By Stephen Byrne & Keith Brookman
Pretty much everyone dreams of scoring the winning goal in the World Cup Final.
Or, at least, we do as kids and then pretend through our adult years that we are not actually still thinking it might be possible one day.
You know the story: you get on the end of a cross, the ball shudders against the back of the net, the partisan crowd goes wild, the trophy is lifted.
Martin Peters came so much closer to realising this dream than most of us.
After seventy seven minutes of the World Cup Final at a sunny Wembley on that glorious afternoon back in the summer of 1966, England, being held 1-1 by the Germans, won a right wing corner.
Scampering across to take it was Alan Ball, the pocket dynamo who would end his footballing career in the blue and white quarters of Bristol Rovers; ‘Ball, the effervescent, the irresistible [who was] unbelievably everywhere, like a wasp’, as The Times reported, delivered the ball and Geoff Hurst, whose earlier goal had equalised for England, struck in a shot which looped crazily off the leg of Franz Beckenbauer and fell to Martin Peters, eight yards out, who crashed the ball home.
All England had to do was to defend successfully for 13 minutes. That did not happen.
Some poor defending allowed West Germany in for a late equaliser to take the game into extra time. Once there, a combination of Hurst’s lethal shooting, the absence of VAR and the vocal support of a sellout crowd enabled England to seal a 4-2 victory and win the World Cup for the only time in the nation’s history. Peters features in the statue of Bobby Moore lifting the Jules Rimet trophy that afternoon.
Martin Peters’ long footballing career has seen him accorded the status of ‘trailblazer’ in the press, following his death on 21st December at the age of 76. His time with West Ham United and Tottenham Hotspur certainly enabled him to live out many years at the top of his game and he scored 20 goals as an attacking midfielder in 67 appearances for England.
He appeared in 302 league games for the Hammers, scoring 81 goals before a move to Spurs in March 1970 when a fee of £150,000 changed hands and Jimmy Greaves travelled in the opposite direction. There were another 46 goals in 189 league games at White Hart Lane.
Five years later, at the age of 31, Peters signed for Norwich City and went on to appear in more league games at Carrow Road than he did at Spurs. His record for the Canaries was 44 goals in 206 league games and there are many Norwich City supporters who still regard him as their best ever player.
In July 1980 he moved to Bramall Lane as player/coach for Sheffield United and added four more goals in another 24 league appearances to his already impressive tally.
There followed a brief spell as manager of the Blades, from January 1981 until the end of the 1980/81 season.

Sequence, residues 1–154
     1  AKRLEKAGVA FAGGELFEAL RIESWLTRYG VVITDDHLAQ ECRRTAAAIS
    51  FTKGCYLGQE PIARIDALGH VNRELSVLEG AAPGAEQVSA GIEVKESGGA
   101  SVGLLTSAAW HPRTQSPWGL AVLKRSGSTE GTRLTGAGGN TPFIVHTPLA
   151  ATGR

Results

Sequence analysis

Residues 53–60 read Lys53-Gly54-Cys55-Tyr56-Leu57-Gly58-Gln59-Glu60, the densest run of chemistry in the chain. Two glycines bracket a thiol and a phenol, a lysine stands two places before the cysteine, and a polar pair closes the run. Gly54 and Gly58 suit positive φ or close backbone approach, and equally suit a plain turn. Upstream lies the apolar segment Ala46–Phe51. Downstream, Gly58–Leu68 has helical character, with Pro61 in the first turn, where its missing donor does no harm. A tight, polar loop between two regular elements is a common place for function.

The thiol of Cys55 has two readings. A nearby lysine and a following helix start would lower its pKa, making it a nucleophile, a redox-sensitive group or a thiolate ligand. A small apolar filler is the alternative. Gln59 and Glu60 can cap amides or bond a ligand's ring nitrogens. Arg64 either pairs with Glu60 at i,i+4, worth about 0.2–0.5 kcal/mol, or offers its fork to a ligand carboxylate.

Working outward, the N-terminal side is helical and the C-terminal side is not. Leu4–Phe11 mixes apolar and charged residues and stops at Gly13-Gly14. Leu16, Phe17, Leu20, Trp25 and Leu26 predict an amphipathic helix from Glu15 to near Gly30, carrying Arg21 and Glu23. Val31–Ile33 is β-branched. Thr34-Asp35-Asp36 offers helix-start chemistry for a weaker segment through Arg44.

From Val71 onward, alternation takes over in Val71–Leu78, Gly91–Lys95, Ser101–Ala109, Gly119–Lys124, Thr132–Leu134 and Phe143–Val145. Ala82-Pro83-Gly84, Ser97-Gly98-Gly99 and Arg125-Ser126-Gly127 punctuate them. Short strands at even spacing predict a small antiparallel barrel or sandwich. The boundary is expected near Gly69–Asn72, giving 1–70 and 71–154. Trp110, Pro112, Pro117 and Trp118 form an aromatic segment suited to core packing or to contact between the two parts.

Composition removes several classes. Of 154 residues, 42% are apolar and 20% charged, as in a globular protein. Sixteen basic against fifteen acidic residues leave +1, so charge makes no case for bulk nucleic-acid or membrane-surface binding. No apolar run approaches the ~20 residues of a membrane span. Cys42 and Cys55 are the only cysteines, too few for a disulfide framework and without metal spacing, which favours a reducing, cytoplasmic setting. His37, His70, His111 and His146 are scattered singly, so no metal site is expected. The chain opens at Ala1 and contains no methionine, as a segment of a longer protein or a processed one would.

There was a brief spell during 1974/75 when his Norwich side were in Rovers’ division but he never opposed Rovers in any of his 721 League appearances.
However, Hurst and Peters, who scored all four England goals between them, and captain Moore were all teammates at West Ham and all three played against Rovers in the League Cup in 1965.
In the Second Round of the competition, Rovers were drawn to play against the Hammers at Eastville, the tie taking place on 21st September 1965. First Division West Ham were the holders of the European Cup Winners Cup at the time and their visit drew a crowd of 18,354 who witnessed a pulsating tie in which the sides shared six goals.
Johnny Brown, Johnny Petts and Harold Jarman were on target for Rovers, while Geoff Hurst (2) and Johnny Byrne were on target for West Ham. Peters might have won the tie for Rovers as he almost scored an own goal but, fortunately for him and his side, the ball hit the post.
Three of the West Ham side, Bobby Moore, Peters and Hurst, would be World Cup winners with England in July of the following year.
The report of that game read; ‘As an entertainment this match had everything. Top class football as befits a team of West Ham’s calibre and pace, and no mean skill from Rovers.’
And so, it was back to Upton Park for the replay eight days later, on 29th September and while Moore was missing from the West Ham side for this one, Peters and Hurst faced Rovers for the second time in a week.
Indeed, Hurst scored again against the Gas as did Byrne, who weighed in with two. The Hammers were 2-0 up at the break, but Petts and Bobby Jones saw Rovers back on level terms by the 56th minute. Byrne’s second goal, with ten minutes to play, saw West Ham through to the next round.
The report of this match concluded that the Hammers were fortunate to win the tie; ‘They will not quickly forget how close they came, on two occasions, of being humbled by Third Division Bristol Rovers.’
Those games were the only ones that this World Cup goalscorer came into contact with The Gas on the pitch.
West Ham went on to reach the final of the competition where they were beaten 5-3 on aggregate by West Bromwich Albion in the last final to be played over two legs.
His passing means that five of the side that created history by winning the World Cup some 53 years ago are no longer with us. Moore, Gordon Banks, Ray Wilson and Alan Ball making up the quintet.
Peters was awarded an MBE in 1978, not for the part he played in helping his country win the World Cup, but for services to Association Football. Only Bobby Charlton and Geoff Hurst have received knighthoods for their part in England’s one and only World Cup win.
It’s too late, of course, to extend that honour to some of that side, but wouldn’t it be a magnificent gesture to make the other survivors of that glorious day knights of the realm. Liverpool fans already refer to Roger Hunt as ‘Sir’, so surely it’s time to make that official and also award the accolade to Nobby Stiles, Jack Charlton and George Cohen before it’s too late.